Ohio boy, 6, has NEVER eaten and is first in the world to battle a digestive ...

An Ohio boy who has never eaten is currently battling a disease so rare that it doesn't have a name.

When Colton Bramlee was four months old, his parents, Todd and Carrie, tried introducing solid food into his diet, as recommended by pediatricians.

However, his stomach wasn't able to handle it and he would vomit incessantly every time he ate, reported PEOPLE. 

After five years, doctors discovered he has a genetic mutation causing the condition, and is the first person ever to be documented with it. 

The family is now hoping a bone marrow transplant may be the cure that allows six-year-old Cohen to eat food for the first time. 

Cohen Bramlee (pictured), six, from Ohio, began vomiting over and over again when tried food for the first time at four months old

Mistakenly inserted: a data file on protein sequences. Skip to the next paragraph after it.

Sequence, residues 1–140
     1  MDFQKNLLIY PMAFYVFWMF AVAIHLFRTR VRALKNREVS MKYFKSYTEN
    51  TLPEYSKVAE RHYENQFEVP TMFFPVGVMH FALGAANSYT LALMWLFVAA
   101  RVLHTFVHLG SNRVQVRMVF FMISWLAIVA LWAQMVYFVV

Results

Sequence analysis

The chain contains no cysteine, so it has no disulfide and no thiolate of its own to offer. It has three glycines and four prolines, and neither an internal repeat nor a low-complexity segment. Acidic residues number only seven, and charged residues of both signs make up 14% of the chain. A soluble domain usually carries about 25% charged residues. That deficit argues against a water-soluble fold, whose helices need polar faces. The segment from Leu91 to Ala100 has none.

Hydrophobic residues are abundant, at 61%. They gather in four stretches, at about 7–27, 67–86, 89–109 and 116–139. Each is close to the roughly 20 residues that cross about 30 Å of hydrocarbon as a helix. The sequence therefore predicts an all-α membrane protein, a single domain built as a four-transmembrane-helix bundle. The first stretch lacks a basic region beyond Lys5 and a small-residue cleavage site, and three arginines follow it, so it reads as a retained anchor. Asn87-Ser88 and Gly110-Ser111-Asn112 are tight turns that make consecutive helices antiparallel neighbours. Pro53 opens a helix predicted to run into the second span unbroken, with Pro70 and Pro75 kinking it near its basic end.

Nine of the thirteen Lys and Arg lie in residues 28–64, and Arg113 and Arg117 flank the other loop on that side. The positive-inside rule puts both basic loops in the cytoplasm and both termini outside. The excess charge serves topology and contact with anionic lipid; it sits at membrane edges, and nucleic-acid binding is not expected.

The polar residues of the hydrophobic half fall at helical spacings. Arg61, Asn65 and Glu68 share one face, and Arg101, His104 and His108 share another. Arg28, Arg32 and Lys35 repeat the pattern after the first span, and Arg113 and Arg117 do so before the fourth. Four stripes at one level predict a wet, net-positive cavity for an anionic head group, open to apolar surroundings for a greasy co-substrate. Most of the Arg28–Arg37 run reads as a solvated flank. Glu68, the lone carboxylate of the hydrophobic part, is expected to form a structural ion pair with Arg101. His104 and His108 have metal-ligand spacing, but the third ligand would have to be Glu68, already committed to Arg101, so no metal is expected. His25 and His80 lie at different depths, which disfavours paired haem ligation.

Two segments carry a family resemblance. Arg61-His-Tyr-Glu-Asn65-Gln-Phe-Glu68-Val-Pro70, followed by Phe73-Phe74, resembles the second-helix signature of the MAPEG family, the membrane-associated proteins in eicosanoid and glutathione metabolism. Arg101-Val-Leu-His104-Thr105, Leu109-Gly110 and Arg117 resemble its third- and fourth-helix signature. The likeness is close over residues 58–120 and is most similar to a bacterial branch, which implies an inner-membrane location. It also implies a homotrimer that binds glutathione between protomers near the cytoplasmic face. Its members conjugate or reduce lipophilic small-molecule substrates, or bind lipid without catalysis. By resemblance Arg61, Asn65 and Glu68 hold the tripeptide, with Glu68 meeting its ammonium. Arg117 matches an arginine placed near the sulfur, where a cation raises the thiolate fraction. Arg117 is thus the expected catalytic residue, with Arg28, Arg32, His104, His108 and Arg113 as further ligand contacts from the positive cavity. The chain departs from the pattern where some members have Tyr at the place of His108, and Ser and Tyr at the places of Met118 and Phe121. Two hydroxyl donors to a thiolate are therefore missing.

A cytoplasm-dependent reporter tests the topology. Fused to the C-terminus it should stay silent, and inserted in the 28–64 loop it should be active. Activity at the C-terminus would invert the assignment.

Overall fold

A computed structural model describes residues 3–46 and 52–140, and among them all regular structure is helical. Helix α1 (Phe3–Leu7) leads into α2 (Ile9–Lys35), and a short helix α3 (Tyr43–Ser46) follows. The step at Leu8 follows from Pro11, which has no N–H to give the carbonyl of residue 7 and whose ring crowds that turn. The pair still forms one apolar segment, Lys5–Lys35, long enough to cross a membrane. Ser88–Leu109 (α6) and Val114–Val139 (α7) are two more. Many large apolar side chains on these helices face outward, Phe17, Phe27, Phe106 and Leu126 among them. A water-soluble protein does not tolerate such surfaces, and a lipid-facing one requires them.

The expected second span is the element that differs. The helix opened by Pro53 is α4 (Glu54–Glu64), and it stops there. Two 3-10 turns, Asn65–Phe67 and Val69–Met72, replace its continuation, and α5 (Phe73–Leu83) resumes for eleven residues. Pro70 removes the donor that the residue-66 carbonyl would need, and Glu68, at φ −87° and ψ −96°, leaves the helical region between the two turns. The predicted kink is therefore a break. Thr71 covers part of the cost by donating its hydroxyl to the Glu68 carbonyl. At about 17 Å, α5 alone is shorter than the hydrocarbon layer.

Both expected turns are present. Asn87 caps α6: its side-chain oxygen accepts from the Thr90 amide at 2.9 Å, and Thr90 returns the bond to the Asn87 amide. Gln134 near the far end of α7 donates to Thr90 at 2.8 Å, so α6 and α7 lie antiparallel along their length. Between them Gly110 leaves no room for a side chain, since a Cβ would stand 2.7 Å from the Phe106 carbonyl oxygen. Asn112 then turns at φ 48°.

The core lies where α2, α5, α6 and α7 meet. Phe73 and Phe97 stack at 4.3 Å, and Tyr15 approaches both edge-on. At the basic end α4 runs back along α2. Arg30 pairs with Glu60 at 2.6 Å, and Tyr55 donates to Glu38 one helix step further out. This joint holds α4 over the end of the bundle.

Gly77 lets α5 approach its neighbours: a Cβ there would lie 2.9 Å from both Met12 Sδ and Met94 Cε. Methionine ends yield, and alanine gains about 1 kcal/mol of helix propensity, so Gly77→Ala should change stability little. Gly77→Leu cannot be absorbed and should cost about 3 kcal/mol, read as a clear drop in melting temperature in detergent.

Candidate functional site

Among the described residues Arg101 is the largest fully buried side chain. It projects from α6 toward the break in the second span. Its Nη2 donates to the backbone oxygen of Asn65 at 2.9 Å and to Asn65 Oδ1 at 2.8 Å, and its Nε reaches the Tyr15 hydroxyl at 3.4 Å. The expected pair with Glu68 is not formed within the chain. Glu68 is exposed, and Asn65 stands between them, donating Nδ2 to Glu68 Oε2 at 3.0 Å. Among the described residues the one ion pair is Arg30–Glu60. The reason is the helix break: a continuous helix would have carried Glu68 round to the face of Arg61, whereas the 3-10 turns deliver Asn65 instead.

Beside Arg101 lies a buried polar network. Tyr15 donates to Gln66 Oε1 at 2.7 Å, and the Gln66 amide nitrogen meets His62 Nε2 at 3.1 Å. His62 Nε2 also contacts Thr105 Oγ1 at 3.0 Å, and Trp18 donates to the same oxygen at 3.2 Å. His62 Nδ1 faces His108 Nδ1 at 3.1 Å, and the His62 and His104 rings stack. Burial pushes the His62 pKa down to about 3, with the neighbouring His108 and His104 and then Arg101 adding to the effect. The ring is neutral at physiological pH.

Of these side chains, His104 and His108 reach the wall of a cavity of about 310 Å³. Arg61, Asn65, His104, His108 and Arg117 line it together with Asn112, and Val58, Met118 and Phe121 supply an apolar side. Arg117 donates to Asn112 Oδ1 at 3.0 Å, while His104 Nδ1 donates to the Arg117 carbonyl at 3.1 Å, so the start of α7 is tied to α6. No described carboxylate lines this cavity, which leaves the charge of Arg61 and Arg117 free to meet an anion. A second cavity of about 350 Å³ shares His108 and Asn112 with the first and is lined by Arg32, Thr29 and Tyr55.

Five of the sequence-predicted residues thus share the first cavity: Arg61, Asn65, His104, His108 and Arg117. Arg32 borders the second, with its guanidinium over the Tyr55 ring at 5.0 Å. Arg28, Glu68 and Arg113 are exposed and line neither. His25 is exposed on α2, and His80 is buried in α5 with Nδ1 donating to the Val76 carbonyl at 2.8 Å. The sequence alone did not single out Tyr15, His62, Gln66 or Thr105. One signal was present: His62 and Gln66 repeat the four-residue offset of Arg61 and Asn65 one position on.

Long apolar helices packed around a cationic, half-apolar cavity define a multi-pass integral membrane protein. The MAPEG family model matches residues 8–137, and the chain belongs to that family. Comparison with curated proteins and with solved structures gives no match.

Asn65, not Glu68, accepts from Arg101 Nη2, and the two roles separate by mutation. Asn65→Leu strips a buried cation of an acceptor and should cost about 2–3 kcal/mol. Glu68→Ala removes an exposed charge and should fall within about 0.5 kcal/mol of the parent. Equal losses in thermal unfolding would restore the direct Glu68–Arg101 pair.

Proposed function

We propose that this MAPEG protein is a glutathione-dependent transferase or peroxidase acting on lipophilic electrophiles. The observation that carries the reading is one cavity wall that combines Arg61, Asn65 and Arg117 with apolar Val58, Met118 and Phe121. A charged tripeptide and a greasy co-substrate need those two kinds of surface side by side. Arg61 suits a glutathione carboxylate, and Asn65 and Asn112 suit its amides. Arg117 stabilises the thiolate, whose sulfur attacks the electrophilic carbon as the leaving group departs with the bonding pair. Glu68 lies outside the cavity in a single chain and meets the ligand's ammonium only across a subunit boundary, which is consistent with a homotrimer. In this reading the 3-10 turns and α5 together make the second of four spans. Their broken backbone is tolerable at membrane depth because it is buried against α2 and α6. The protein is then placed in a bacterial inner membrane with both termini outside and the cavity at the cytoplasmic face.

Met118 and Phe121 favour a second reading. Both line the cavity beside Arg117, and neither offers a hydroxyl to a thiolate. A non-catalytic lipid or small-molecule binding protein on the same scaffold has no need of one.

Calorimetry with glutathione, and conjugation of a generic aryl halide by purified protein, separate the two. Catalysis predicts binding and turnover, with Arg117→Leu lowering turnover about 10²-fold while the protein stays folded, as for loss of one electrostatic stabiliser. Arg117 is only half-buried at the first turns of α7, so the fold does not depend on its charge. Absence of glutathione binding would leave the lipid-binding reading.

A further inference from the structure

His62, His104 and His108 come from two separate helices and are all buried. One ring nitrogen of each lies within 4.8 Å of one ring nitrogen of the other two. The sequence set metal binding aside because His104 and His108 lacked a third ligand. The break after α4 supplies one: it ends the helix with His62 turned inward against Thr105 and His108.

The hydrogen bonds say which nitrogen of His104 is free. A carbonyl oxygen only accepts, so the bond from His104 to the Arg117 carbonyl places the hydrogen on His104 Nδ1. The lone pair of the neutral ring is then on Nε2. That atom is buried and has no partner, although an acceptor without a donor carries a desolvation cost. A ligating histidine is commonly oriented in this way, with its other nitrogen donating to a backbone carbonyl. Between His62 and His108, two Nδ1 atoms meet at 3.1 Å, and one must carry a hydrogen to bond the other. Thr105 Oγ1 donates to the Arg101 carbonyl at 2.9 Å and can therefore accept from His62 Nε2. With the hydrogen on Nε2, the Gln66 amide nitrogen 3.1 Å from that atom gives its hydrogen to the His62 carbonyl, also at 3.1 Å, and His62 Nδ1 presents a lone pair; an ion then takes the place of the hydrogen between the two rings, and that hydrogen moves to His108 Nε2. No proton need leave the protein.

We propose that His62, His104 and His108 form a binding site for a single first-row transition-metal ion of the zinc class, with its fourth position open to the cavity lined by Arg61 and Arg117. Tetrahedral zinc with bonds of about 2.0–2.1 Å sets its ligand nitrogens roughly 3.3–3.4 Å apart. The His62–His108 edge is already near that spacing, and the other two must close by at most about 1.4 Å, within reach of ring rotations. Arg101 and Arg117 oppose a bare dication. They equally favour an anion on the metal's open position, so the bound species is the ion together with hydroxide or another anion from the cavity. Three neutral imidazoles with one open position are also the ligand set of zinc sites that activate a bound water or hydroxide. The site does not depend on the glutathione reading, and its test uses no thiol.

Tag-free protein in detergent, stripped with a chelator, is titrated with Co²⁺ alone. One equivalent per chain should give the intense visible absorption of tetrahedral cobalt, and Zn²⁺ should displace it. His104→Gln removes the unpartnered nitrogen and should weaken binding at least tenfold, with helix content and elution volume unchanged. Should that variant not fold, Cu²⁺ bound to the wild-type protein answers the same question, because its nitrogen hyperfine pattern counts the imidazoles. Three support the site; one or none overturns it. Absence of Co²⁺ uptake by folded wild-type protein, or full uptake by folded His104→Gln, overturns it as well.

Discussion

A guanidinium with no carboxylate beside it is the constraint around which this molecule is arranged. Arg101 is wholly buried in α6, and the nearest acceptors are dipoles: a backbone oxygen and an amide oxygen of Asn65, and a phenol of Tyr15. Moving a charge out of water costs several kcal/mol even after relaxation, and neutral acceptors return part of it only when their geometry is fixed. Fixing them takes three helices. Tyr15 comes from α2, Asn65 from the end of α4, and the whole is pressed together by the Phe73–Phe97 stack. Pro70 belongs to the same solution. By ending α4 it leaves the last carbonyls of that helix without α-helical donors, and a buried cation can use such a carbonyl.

After five years, doctors discovered Cohen (pictured) has a mutation of a gene in his immune system

Cohen Bramlee, six, from Ohio, began vomiting over and over again when tried food for the first time at four months old. After five years, doctors discovered he has a mutation of a gene in his immune system

His immune system over-responds when he eats food, causing him to be unable to keep it down. Pictured: Cohen in the hospital

His immune system over-responds when he eats food, causing him to be unable to keep it down. Pictured: Cohen in the hospital 

Cohen has been on a feeding tube seven days a week since he was an infant and receives additional nutrition from an IV. 

Doctors long suspected that his immune system was behind his health problems.

Not only was he unable to eat food, but he would often come down with fevers and bloodstream infections.

'In fact, our [gastrointestinal] doctor said: "There is a bigger monster that's causing all of this," and he, at the time, said: "We may never figure out what that monster is,"' Cohen's mother, Carrie, told PEOPLE.

'So you can imagine, as a parent, that's so disheartening to accept that.'  

Cohen was referred to the Undiagnosed Diseases Network at Duke

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